Experience the Next Solar Eclipse

Experience the Next Solar Eclipse

By Iva Fedorka

If you follow celestial events, mark October 14, 2023 on your calendar. On that date, an annular solar eclipse will cross North, Central, and South America and be visible to millions of people in the Western Hemisphere. Then, on April 8, 2024, the shadow of the Moon will cross Mexico, the United States, and Canada in a total solar eclipse.

What is an Annular Eclipse?

In an annular eclipse, the Moon does not completely obscure the Sun as it does during a total eclipse.

In the United States, the October eclipse will begin on the coast of Oregon and travel to the Texas Gulf Coast. It will be visible, weather-permitting, in Oregon, Nevada, Utah, New Mexico, and Texas and in some parts of California, Idaho, Colorado, and Arizona. It will then pass over Mexico, Belize, Honduras, and Panama and will travel through Colombia, South America, before ending in the Atlantic Ocean off the coast of Natal, Brazil.

What Happens During a Total Solar Eclipse?

A total solar eclipse occurs when the Moon passes directly between the Sun and Earth and completely blocks the Sun, a phase known as totality. The sky will darken and look like dawn or dusk. Weather permitting, people in the path of totality will be able to see the Sun’s outer atmosphere or corona. The corona is usually not visible because of the Sun’s brightness.

As the Sun, Moon, and Earth align, the shadow of the Moon will be cast onto the Earth’s surface. At first, the Sun will look like someone took a bite out of it. Totality will last approximately two minutes, and then the Moon's shadow will move on.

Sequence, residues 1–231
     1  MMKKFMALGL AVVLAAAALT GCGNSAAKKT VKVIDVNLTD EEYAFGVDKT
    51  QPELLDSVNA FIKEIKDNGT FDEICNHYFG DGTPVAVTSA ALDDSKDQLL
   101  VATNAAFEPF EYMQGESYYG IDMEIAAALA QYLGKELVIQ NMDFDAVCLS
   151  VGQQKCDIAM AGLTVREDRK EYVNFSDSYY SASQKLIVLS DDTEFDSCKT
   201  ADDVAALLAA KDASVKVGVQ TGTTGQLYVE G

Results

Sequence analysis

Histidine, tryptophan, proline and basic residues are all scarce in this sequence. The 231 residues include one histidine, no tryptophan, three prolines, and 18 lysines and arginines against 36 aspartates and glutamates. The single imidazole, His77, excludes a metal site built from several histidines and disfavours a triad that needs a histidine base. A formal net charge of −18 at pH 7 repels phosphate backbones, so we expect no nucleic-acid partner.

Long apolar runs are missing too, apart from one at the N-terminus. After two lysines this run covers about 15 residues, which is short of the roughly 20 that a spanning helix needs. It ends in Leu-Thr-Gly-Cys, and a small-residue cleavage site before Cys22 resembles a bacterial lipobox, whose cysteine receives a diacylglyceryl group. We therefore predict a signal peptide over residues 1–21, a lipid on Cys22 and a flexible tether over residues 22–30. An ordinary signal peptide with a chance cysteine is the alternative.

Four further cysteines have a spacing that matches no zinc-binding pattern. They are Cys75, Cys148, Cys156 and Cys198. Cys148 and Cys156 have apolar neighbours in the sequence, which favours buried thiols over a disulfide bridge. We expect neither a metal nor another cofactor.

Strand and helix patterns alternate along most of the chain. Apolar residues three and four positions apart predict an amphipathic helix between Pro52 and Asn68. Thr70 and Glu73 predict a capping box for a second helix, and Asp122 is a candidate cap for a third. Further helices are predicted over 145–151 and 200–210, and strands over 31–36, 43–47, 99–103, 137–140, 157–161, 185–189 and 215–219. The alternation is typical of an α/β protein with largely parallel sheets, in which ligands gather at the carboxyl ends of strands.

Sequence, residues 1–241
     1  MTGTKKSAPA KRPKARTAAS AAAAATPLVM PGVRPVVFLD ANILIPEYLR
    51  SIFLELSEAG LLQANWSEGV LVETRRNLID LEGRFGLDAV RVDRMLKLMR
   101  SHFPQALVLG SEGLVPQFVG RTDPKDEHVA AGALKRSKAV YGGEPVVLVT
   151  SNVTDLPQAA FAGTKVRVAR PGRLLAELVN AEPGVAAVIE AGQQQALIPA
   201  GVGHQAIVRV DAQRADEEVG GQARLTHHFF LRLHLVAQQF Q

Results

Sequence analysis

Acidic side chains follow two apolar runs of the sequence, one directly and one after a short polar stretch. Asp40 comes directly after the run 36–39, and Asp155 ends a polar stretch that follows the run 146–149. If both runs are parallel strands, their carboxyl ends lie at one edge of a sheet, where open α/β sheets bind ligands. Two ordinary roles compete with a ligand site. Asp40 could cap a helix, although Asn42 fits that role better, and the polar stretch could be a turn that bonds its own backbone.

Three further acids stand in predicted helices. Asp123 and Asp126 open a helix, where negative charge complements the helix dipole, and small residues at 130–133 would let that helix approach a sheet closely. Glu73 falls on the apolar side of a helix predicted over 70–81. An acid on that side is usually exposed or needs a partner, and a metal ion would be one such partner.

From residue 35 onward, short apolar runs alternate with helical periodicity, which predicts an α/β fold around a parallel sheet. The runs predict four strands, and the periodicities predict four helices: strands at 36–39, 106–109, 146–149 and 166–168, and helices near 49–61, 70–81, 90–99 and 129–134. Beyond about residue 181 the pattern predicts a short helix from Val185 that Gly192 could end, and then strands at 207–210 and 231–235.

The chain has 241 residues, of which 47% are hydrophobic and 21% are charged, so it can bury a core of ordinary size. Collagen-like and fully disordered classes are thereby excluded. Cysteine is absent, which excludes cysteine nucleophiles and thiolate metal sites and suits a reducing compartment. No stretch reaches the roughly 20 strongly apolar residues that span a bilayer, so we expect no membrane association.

The 2024 total solar eclipse will begin over the South Pacific Ocean and will become visible on the Western coast of Mexico at approximately 11:07 a.m. PT. Its U.S. path will start in Texas and move through Oklahoma, Arkansas, Missouri, Illinois, Kentucky, Indiana, Ohio, Pennsylvania, New York, Vermont, New Hampshire, and Maine. Entering Canada in Southern Ontario, it will continue through Quebec, New Brunswick, Prince Edward Island, and Nova Scotia, exiting the Atlantic coast of Newfoundland at 5:16 p.m. NST.

Safety First

Although eclipses are beautiful to watch, never look directly at the sun without using special protective eyewear. Viewing the Sun through a camera lens, binoculars, or a telescope without a special-purpose solar filter will cause severe eye injury. Observe the partial phases only while using safe solar viewing or “eclipse” glasses, a safe handheld solar viewer, a pinhole projector, or other indirect viewing methods.​

What’s Next

The next total solar eclipse visible in the contiguous U.S. will occur on August 23, 2044.

Ask your Fisher Science Education sales representative about getting eye protection to safely watch the eclipse and check online to see when these events begin near you.

Short Description

Learn more about solar eclipses, natural phenomena that occur when the Sun, Moon, and Earth align, and the Moon’s outline temporarily obscures the Sun from view.

Discussion Questions

  • Why is it important not to look directly at the sun during an eclipse?
  • When and where are the next visible solar or lunar eclipses happening near you?